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What can I do to protect myself in the event I become unable to manage my affairs?
Powers of Attorney
An overlooked part of sensible estate planning

An important part of prudent estate planning is the power of attorney. A power of attorney is a legal document designed to allow a person (the "principal") to designate another individual as his or her agent.  The agent is empowered with legal authority to act on behalf of the principal with regard to a variety of different types of actions. 
The extent of the agent's authority is controlled by the language contained in the power of attorney.  For those actions allowed under the power of attorney, the actions of the agent on behalf of the principal are deemed legally to be binding and enforceable as though the principal had performed them himself.
A power of attorney can be limited in scope, or it can provide general powers and authority.  It can be made effective immediately or at some point in the future.  Powers that are commonly granted to an agent in a power of attorney include the right to make financial and business decisions for the principal.  Health care decisions can also be delegated to an agent in a power of attorney.
In Louisiana, a properly executed power of attorney is effective as a matter of law regardless of whether the principal subsequently becomes incapacitated.  However, without a power of attorney, if a person becomes disabled, that person may have to be placed under interdiction in order that others can be vested with authority to act on behalf of the disabled person. 
Interdiction is a formal legal proceeding instituted to have a person declared incompetent and incapable of handling his or her affairs.  Interdiction proceedings require the filing of a lawsuit naming the person to be interdicted as a defendant.  It may literally require that a family member sue his or her own family member, including a spouse or child.  The lawsuit must be personally served upon the person to be interdicted, and that person must be represented by legal counsel. A hearing must take place in court and it must be proven by "clear and convincing evidence" that the person to be interdicted is unable to handle and manage his or her own affairs.  This is a higher burden of proof than that applicable in ordinary civil proceedings.  Once a judgment ordering a person to be placed under interdiction is rendered, the court will appoint a "curator" to act on behalf of the interdicted individual.  The curator will be required to obtain prior court authority to take many actions for an interdicted person.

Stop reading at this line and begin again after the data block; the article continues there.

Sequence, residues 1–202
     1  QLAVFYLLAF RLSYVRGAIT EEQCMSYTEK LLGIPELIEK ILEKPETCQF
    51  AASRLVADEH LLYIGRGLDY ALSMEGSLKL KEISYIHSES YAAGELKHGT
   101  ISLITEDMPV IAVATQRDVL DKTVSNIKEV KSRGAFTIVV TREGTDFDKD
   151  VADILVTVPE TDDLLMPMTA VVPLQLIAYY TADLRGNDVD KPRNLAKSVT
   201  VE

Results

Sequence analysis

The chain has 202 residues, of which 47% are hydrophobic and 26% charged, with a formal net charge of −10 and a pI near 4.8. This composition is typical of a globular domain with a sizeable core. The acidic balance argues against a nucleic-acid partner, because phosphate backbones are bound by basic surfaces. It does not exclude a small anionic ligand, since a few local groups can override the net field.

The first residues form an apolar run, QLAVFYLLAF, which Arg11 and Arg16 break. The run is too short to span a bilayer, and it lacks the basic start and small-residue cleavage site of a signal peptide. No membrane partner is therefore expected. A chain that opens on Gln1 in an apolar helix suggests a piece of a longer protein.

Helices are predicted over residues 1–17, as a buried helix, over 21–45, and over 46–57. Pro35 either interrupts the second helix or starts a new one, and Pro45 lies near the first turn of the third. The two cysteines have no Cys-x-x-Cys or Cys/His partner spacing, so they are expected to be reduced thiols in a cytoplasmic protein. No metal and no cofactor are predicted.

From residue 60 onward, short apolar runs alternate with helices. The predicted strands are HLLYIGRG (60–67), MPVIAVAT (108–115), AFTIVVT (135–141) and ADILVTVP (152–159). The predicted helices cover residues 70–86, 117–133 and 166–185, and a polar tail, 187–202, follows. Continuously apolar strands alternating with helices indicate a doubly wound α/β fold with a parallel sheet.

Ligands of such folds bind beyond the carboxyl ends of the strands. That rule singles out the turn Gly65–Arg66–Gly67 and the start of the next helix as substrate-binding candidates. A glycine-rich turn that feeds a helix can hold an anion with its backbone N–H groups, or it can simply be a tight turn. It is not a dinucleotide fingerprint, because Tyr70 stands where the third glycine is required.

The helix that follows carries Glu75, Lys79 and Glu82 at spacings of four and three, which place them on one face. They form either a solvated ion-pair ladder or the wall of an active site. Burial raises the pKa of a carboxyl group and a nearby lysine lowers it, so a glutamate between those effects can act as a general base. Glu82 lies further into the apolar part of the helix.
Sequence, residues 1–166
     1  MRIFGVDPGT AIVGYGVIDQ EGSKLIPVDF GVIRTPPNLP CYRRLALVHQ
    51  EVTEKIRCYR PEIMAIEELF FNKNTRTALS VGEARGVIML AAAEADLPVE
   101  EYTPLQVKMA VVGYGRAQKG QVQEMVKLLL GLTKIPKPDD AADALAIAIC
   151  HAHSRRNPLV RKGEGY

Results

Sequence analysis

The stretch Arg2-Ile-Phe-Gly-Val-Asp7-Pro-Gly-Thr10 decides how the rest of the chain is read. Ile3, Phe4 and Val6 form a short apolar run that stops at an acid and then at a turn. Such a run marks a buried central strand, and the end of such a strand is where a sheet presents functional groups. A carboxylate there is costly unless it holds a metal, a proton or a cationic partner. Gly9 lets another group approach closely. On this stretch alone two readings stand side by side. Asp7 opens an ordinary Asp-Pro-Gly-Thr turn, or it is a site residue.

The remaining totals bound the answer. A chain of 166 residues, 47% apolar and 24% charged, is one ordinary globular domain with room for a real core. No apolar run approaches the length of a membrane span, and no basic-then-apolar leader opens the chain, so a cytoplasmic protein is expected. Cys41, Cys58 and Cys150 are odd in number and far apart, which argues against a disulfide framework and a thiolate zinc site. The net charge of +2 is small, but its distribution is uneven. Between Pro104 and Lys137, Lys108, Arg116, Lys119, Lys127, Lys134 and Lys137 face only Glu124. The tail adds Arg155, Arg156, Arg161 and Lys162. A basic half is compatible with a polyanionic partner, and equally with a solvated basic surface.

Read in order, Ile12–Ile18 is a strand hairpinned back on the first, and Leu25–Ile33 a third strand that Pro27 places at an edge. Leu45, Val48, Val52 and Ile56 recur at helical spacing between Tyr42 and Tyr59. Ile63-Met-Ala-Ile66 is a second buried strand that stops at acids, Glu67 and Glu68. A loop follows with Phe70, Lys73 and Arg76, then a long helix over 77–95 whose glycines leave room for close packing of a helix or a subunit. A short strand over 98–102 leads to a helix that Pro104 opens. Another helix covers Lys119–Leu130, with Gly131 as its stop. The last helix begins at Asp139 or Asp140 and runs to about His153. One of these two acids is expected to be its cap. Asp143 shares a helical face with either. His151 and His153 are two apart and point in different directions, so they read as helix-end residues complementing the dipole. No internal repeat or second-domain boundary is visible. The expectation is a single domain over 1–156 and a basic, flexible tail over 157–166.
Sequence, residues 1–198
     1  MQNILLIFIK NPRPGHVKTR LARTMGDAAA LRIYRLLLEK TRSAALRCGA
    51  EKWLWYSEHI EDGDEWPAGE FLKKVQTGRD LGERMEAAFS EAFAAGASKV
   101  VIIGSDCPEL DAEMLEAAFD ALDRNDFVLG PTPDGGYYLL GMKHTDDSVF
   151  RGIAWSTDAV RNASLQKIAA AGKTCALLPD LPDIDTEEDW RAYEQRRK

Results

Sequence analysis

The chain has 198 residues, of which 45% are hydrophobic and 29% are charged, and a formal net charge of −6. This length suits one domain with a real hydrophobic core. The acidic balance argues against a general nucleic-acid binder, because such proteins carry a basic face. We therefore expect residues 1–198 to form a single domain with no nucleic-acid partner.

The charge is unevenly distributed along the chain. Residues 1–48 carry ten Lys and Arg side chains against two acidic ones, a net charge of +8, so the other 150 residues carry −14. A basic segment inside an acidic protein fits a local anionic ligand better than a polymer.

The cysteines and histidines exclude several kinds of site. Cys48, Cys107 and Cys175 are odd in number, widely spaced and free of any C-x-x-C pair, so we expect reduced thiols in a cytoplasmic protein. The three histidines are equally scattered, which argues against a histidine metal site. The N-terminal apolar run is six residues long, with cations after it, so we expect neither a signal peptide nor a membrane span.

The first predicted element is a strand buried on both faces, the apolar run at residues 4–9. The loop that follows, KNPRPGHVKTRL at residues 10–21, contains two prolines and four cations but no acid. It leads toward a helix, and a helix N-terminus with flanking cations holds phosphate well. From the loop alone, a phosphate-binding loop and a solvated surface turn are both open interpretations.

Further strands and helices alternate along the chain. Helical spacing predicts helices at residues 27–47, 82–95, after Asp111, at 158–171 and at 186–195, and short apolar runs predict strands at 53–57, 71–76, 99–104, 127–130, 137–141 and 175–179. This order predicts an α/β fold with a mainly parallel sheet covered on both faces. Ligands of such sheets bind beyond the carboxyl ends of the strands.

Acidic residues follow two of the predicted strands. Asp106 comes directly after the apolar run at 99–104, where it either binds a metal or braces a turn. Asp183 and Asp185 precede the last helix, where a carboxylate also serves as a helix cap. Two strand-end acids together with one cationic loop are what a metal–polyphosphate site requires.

Interdiction proceedings can be time-consuming and expensive.  There are numerous formalities that must be followed before a judgment declaring a person to be interdicted can be obtained.  Once the judgment has been obtained, the curator will still need prior court authority to take many actions on behalf of the disabled person, many of which may only be taken following the publication of notices in the local newspaper of the action to be taken.
These time-consuming formalities and legal expenses may be avoided with the execution of a properly and carefully drafted durable power of attorney.

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DISCLAIMER:  This website has been prepared for general informational purposes only.  It is not intended to, and does not, constitute legal advice. 
Use of these materials does not create or constitute an attorney-client relationship.